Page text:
For the Christian world, Maundy Thursday ushered in the Paschal Triduum, the three days ending with Lent and leading to Resurrection Sunday (Easter).

The term may be familiar to Protestant denominations like Lutheran, Methodist, and Reformed as well as Anglican churches that observe Lent.

Other denominations may or may not be familiar with the term.

In our Methodist Church, the Triduum is called “the Great Three Days,” and on each day except Saturday, there are church services.

Maundy Thursday services remind us of Jesus’ command (to love one another) as He washed His disciples’ feet and shared The Last Supper with them. This service concludes with the Stripping of the Altar as the church readies itself for Good Friday.

Good Friday services can include a Fish Fry after the meal, the congregation gathers in a “bare” church setting to reflect on Christ’s Passion and His time on the Cross with songs, readings, and prayer. Church members leave in silence preparing to return on Easter morning in anticipation and celebration of His resurrection.

Holy Saturday or Black Saturday is a day for silence, fasting, and quiet contemplation focusing on personal spiritual journeys while remembering Jesus’ crucifixion. Holy Saturday falls as the Jewish Sabbath before Jesus’ Resurrection for those of Jewish faith.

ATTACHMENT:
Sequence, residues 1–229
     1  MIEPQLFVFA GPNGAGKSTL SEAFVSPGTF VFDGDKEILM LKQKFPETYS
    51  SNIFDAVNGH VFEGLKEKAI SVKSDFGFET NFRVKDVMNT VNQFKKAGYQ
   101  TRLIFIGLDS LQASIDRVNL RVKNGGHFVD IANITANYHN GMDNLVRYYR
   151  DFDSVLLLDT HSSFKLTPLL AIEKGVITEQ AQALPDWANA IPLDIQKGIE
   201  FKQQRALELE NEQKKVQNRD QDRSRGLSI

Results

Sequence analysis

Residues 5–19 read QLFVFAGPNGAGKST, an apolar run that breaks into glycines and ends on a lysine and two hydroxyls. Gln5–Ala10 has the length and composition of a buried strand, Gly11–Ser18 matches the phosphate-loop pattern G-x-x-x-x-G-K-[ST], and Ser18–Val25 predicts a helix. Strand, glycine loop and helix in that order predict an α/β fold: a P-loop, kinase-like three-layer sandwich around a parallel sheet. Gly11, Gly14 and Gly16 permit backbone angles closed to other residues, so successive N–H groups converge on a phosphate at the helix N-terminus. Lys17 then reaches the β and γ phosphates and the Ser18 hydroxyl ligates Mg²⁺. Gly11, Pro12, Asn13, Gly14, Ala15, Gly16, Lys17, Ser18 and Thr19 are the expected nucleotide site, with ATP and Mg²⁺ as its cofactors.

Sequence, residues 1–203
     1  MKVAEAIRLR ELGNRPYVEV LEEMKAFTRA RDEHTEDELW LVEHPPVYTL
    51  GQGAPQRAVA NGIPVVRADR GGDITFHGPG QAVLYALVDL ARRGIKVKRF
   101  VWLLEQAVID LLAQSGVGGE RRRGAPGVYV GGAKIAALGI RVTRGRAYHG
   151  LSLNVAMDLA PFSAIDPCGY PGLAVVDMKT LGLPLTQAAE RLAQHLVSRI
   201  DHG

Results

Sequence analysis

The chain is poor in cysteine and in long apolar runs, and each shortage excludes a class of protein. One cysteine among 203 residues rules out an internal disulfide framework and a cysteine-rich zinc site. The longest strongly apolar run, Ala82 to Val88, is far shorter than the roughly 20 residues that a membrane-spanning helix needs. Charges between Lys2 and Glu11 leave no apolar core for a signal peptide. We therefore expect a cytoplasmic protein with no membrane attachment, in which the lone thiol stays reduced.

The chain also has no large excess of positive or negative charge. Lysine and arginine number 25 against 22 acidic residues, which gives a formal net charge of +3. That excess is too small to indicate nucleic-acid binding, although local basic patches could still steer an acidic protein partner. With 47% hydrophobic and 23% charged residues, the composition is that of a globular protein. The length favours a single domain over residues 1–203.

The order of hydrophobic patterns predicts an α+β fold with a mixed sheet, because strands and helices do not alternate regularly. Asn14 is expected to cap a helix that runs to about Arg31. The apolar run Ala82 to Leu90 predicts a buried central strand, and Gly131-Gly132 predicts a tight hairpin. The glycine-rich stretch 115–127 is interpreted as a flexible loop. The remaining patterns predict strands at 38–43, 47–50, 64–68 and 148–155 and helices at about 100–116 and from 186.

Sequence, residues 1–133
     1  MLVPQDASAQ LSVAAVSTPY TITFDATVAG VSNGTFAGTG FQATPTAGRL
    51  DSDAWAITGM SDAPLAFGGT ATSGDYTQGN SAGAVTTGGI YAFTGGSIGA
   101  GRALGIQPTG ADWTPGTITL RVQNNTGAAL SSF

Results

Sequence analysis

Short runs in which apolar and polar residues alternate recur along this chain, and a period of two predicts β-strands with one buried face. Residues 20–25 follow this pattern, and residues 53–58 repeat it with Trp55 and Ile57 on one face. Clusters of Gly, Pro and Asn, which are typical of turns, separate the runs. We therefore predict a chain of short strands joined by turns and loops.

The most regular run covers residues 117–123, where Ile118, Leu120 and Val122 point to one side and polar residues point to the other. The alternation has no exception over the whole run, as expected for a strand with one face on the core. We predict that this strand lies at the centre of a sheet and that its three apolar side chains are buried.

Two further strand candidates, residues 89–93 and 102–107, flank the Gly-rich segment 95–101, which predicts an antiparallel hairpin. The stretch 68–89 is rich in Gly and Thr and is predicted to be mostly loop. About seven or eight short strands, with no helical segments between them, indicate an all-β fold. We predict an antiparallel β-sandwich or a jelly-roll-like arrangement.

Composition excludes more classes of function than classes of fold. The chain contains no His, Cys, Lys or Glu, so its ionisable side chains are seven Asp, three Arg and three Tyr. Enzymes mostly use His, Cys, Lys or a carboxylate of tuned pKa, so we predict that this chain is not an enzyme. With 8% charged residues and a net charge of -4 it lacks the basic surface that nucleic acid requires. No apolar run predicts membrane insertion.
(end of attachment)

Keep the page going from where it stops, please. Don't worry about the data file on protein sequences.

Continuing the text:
Roman Catholics have celebrated the Paschal/Easter Triduum as a formal separate season since 1955. Many Catholic churches hold an Easter Vigil through Saturday night.

This season leading to Resurrection Sunday is the holiest time of the year for Christians. Participation in Paschal Triduum activities can enhance the season but is not required.

The important thing is having a thankful heart for what Easter represents. Without what He did on the cross, we would be forever lost.

May you have a most Blessed Easter.